Many Americans have been through the nightmare of living with a parasite for years, even after being told they didn’t have any harmful parasites. A common misdiagnosis is irritable bowel syndrome. How could this happen? The answer lies in the way most doctors test for parasites. Usually, a single stool sample is sent to a lab and tested, but as many people have learned the hard way, it’s easy for these tests not to catch what they’re looking for.
Why the usual parasite test isn’t enough
Some types of parasites reside in the cecum, which is a pouch-shaped area in the intestine. Whereas other parasites leave traces in stool samples, these ones won’t, thanks to this hiding spot
Some medication can mask the evidence of living parasites up to 3 weeks after you take them. These include antibiotics, mineral oil, bismuth, and anti-malarial pills (taken if you’re travelling somewhere with malaria outbreaks). If your stool sample is tested within that 3 week time frame, your doctor can miss all signs of the parasite.
A single “unfixed” stool sample is designed to make parasites grow large enough to analyse. This method can kill some types of parasites before they grow, physically breaking them down and making them impossible to find.
Certain types of parasites aren’t tested for, period. The b. hominis and the d. fragilis parasites are two significant examples. The majority of medical practitioners don’t consider these to be either harmful or probable. So, even if there’s plenty of evidence for them in a stool test, that evidence simply won’t be reported by the lab.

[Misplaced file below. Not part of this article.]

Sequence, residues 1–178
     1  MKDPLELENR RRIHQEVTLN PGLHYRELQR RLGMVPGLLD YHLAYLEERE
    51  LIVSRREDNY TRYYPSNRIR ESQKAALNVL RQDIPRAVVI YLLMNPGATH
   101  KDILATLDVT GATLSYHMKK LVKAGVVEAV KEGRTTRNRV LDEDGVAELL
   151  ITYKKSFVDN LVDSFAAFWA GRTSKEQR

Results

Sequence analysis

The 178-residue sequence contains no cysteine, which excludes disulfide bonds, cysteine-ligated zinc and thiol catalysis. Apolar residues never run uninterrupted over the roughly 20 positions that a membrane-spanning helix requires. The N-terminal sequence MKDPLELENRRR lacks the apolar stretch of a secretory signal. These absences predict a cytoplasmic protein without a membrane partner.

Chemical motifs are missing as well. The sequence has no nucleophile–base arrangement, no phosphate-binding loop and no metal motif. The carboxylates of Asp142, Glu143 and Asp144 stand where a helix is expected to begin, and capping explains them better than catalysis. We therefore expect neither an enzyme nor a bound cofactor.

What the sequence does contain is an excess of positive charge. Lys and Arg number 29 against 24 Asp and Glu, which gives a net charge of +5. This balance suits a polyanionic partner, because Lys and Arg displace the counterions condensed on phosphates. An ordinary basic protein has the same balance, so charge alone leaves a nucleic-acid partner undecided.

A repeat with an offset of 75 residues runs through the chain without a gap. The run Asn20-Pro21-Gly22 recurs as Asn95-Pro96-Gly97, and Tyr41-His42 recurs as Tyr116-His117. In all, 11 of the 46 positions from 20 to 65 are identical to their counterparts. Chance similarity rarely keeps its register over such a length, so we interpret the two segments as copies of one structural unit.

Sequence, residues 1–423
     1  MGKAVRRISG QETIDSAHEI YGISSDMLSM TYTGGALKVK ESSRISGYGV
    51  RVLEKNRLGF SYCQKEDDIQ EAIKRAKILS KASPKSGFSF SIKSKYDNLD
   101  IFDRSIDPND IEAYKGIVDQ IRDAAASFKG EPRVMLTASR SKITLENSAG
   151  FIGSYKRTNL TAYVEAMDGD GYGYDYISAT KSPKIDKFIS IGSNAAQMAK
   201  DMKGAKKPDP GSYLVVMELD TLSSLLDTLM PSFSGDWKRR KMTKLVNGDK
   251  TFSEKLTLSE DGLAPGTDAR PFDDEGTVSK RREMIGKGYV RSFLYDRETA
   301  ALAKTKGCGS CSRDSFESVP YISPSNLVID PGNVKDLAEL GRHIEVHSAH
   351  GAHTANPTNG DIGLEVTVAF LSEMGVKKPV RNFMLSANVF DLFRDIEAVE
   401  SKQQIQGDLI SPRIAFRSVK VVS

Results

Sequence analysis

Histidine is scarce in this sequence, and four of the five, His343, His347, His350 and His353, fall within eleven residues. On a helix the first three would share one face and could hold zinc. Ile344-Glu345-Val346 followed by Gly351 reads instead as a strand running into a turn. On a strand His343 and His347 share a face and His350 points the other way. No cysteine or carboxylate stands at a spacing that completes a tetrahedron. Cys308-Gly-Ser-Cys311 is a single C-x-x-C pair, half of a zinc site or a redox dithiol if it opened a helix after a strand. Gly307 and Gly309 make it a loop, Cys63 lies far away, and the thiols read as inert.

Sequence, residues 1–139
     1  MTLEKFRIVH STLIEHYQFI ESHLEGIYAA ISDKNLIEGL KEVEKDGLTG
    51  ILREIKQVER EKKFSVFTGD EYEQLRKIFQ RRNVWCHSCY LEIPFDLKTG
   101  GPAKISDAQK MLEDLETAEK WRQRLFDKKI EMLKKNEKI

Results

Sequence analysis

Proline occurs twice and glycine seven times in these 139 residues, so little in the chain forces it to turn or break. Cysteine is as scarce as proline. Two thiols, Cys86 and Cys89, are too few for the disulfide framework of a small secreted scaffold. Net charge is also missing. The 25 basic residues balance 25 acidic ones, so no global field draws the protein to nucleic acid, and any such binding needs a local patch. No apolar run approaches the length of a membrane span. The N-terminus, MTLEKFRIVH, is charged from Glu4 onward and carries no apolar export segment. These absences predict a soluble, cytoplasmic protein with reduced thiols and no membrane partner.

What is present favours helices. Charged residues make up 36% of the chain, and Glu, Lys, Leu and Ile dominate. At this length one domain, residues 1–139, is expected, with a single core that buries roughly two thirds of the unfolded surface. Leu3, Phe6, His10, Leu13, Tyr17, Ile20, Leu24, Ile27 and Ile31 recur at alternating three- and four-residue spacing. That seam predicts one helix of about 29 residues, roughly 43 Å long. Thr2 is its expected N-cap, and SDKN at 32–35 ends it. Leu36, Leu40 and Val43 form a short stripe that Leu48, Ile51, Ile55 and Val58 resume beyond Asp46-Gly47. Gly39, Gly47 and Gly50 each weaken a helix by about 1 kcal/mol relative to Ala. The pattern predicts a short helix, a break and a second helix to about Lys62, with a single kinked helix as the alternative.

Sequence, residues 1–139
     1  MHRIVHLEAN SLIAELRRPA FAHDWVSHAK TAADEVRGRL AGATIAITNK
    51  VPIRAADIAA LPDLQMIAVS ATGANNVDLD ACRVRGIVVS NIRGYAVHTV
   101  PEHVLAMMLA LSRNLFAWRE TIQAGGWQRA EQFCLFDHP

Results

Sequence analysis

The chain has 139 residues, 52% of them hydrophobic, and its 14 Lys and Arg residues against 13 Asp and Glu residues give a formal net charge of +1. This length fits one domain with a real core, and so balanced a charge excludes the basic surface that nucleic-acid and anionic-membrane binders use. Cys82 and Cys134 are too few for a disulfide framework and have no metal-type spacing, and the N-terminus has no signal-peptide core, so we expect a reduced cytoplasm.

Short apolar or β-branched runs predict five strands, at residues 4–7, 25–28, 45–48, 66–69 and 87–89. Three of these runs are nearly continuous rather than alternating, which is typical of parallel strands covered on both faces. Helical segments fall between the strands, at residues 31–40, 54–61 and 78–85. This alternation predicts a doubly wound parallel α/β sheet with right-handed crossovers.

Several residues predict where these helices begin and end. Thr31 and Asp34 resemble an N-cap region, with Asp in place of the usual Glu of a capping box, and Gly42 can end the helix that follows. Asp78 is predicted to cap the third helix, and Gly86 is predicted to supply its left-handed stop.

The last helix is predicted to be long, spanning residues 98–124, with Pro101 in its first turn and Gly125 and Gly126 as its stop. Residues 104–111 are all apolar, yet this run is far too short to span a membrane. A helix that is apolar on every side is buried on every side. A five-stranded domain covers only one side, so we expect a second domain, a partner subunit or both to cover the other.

If you are among those who continue to suffer even after your doctor has ruled out parasites and tried treating you for something else, you still have plenty of options. First of all, ask for a second test. Instead of getting a single stool sample, ask for a triple fecal test (TFT). Since there are more samples, the lab has a better chance of finding evidence of parasites. Getting this second test done at a later date can also make sure you won’t miss any evidence that a medication might have masked the first time. Ask your doctor about trying alternative tests:
A purged sample. This method uses strong laxatives to flush out any parasite that’s hiding in the cecum of your large intestine. While this option might not be the best choice for everyone, if you and your doctor decide it’s a safe option, it might just lead to finally identifying the source of your symptoms.
A “fixed” test. This method keeps parasites completely intact, making them ultimately more ‘find-able’ by the lab than the first unfixed method did.
PCR’s (polymerase chain reactions) are used to analyse a small sample of DNA. These can identify the DNA of a foreign parasite which is making its home in your body, and expelling bits of waste inside your intestine.
Live blood cell analyses use samples of living blood cells which show your current state of health. Taken from your fingertip and magnified to 1500x, they can catch evidence of parasites from your bloodstream, along with many other health issues.
Unfortunately, many people aren’t able to obtain these extra tests from their family doctors. Thankfully, there are other options. Functional Medicine practitioners are trained to address your health from a holistic perspective. They will take the time to evaluate multiple factors in order to figure out how to bring your body to health. There are also specific parasitology centres, whose specialty is finding and eliminating parasites of every kind. I encourage you to share these resources with anyone suffering from an undiagnosed or misdiagnosed digestion issue.